Phelan, Bob: THREE MEN ARE ALSO KILLED. - TRENTON, April 15. - A terrific explosion, which was heard for miles around, occured here this morning in the rear of the Phelan Bros. hardware store in a small out-building in which it is said was stored a quantity of powder. Bob Phelan, accompanied by Tom Arnold, of Crockett County, and Mr. Taylor, of Eaton, went out to test a target gun which Mr. Taylor claimed was not right. Mr. Phelan fired into the outhouse, and a terrible explosion, accompanied by falls and scattering debris, occured, bring death in its wake. Those dead are Bob Phelan, Dr. Parker, of this city, and Tom Arnold, of Crockett County. [Date: 4/20/1905, Vol. XVIII, No. 16, Page 1]

Puck, Mary: NEGRO WOMAN BEATEN TO DEATH WITH A CLUB - Livingston, March 10 - (Very difficult to read) - Mary Puck, colored, who lives near ??, Tenn., was this morning found at her home alone and ??? from having been beaten with a club, ?? by just whom, is at this time, unknown. She died during the day. Justices of the Peace J. A. M. White had [Date: 3/23/1905, Vol. XVIII, No. 12, Page 4]

Ray, Nannie: WOMAN Tried at Gainesboro for Murder of Daughter-in-Law - Gainesboro, Nov. 27 - Eliza Ray was tried at this term of court for the murder of Nannie Ray, her daughter-in-law. The trial resulted in a hung jury. The evidence was altogether circumstantial and her only child, last September, married one Nannie Upchurch against his mother's wishes. Two days afterward his mother called him out of the field, stating that his wife had fallen from the garret of the house and hurt herself. When he reached the house he found his wife unconscious, lying in the floor with her skull broken on the right side. A physician was sent for, the broken parts of the skull were removed and the woman was in a fair way to recover, when three weeks later, his mother again called him from the field, stating that his wife had gotten up from the bed and had fallen, hurting herself again. On reaching the house he found his wife dead, lying in the floor with her head against a trunk. The old wound was mashed in, blood and brains being scattered on the trunk and on the window just over the trunk. The defendant said that she was in the kitchen, heard the noise , went in and found the deceased on the floor as just described. The occurrence at that time excited no suspicion, but some time later an investigation was set on foot which resulted in an indictment being returned. After the jury was discharged the defendant was admitted to bail. ... [Date: 11/30/1905, Vol. XVIII, No. 47, Page 1]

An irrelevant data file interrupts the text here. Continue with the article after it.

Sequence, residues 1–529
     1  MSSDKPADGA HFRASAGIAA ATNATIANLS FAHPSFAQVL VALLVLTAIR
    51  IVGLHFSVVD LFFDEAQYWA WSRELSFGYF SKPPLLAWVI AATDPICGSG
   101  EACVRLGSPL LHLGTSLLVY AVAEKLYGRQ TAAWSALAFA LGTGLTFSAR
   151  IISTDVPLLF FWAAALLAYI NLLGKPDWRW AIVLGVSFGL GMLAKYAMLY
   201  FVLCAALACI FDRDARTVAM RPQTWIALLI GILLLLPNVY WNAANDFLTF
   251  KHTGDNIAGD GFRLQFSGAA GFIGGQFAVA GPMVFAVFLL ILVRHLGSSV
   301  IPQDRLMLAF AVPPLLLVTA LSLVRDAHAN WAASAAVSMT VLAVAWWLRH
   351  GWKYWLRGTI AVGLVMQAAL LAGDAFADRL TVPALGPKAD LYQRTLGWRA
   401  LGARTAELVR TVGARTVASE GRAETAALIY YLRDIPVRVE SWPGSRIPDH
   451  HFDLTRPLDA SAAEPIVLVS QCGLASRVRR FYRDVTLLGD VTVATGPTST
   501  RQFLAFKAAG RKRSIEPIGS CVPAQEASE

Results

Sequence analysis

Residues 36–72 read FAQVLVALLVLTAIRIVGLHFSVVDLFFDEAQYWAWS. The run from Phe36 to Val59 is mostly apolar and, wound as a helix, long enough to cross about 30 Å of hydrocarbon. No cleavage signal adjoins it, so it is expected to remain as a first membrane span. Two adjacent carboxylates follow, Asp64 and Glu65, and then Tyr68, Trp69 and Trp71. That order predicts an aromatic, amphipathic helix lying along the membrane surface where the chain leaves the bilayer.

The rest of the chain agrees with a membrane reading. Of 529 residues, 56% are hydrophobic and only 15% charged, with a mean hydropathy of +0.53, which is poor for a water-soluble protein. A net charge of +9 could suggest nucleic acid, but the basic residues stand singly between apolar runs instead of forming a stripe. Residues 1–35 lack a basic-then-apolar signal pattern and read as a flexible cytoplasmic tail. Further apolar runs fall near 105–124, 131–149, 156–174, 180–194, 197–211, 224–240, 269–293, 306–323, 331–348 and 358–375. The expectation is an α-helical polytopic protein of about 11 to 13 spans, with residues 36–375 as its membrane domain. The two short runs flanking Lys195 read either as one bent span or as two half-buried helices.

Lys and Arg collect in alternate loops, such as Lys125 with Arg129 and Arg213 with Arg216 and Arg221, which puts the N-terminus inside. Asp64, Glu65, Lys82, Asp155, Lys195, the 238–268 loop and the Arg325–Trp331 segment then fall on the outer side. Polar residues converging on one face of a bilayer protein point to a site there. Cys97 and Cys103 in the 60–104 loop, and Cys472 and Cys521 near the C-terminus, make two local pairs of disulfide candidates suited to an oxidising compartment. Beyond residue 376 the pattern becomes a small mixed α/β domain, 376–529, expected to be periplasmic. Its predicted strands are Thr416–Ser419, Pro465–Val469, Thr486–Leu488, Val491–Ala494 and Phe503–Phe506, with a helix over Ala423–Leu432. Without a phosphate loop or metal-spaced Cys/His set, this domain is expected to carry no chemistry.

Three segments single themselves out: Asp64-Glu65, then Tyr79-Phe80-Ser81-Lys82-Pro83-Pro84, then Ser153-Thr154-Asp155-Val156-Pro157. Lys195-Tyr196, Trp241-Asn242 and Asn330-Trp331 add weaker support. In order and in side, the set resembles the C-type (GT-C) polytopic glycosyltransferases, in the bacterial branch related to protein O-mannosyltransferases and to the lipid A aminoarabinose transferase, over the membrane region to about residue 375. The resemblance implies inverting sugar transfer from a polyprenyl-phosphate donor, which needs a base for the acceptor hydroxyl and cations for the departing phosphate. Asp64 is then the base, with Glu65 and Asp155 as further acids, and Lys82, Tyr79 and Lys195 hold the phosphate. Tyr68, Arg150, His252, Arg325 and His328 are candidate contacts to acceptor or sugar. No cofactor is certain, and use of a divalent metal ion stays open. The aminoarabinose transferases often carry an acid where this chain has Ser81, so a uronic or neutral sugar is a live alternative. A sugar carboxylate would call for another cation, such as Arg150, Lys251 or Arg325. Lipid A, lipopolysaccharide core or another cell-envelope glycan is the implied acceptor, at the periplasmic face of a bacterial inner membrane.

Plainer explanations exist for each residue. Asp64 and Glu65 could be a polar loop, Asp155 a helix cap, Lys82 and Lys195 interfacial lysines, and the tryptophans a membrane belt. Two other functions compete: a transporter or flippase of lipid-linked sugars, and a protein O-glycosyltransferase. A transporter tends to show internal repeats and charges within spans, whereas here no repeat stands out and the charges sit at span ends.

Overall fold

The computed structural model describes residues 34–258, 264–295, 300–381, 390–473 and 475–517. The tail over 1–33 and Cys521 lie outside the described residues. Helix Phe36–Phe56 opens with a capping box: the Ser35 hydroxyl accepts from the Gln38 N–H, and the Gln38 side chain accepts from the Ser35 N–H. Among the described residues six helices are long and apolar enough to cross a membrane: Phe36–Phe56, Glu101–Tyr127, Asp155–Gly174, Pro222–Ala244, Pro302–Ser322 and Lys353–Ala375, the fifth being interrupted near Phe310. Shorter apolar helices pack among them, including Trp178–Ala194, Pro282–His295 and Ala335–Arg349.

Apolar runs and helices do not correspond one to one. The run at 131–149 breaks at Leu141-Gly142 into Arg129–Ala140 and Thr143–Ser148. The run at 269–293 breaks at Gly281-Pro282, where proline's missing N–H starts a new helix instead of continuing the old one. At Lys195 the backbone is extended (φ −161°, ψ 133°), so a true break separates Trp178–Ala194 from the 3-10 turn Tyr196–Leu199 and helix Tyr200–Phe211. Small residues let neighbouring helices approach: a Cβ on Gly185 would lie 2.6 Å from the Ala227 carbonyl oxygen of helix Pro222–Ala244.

Reagan, Joe A.: JOE A. REAGAN - Joe A. Reagan died Tuesday morning at 4 o'clock, after a lingering illness with that dreaded malady, consumption. He was a son of Mr. and Mrs. A. A. Reagan and most of his life had been spent in Cookeville. He was universally esteemed by all who knew him and was a young man of the highest integrity and kindliest instincts. For three years he has been in very poor health, but although he was a constant sufferer, and at times intensely so, he bore his afflictions with unsurpassed patience and cheerfulness, and at all times greeted his friends most cordially and pleasantly, seldom referring to his suffering. For several days previous to his death he had been growing steadily worse, but yet his death came as a shock to many of his friends who had not anticipated the end so soon. He was twenty-six years old and a devoted member of the Independent Order of Odd Fellows. He had not attached himself to any religious organization, but he died in the full confidence and assurance of the Christian religion, his last moments being given to a full expression of his Christian resignation and faith in God. Funeral services were conducted at the Southern Methodist Church by the Odd Fellows, assisted by the pastor, Rev. Geo. R. Allen. The remains were interred in the City Cemetery, where the beautiful ritualistic burial ceremony of the Odd Fellows was impressively conducted. The Press extends its heartfelt sympathy to the sorrowing relatives and friends. [Date: 12/27/1905, Vol. XVIII, No. 49, Page 7]

Reagan, Joe A.: Resolutions of Respect - Whereas, our zealous and well beloved brother Joe A. Reagan, departed this life on the morning of Dec. 5th, therefore be it resolved by Mt. View Lodge No. 179, I. O. O. F., that by his death this lodge sustained the loss of a worthy, devoted and enthusiastic brother and Odd Fellow and we extend our heartfelt sympathy to his sorrowing parents and relatives in their great bereavement. Further be it resolved that copies of these resolutions be furnished the family of the deceased and to the local newspapers for publication. C. J. Davis, J. B. Payne, W. B. I. Palk, R. T. Lee, E. H. Boyd } Committee [Date: 12/14/1905, Vol. XVIII, No. 50, Page 7]

Reagan, John H.: DEATH OF THE LAST MEMBER OF CONFEDERATE CABINET - Houston, Tex., March 6 - Judge John H. Reagan, sole surviving, member of the Confederate Cabinet, died at Palestine, Tex., this morning, aged 86 years, of pneumonia. [Date: 3/9/1905, Vol. XVIII, No. 10, Page 5]

Redmon, J. H.: WELL-KNOWN CONDUCTOR ON TENNESSEE CENTRAL DIES - J. H. Redmon, one of the oldest and most highly respected passenger coductors (sic) on the Tennessee Central Railroad, died in Denver Tuesday morning. ... J. H. Redmon was one of the most popular conductors on the Tennessee Central. He came to that road on the first day of April, 1902, and had been in charge of a passenger train ever since. He was about 55 years of age, but leaves no family. His wife died several years ago and three nieces and a sister, all living here, are the nearest relatives surviving him. - Nashville American. [Date: 5/25/1905, Vol. XVIII, No. 21, Page 4]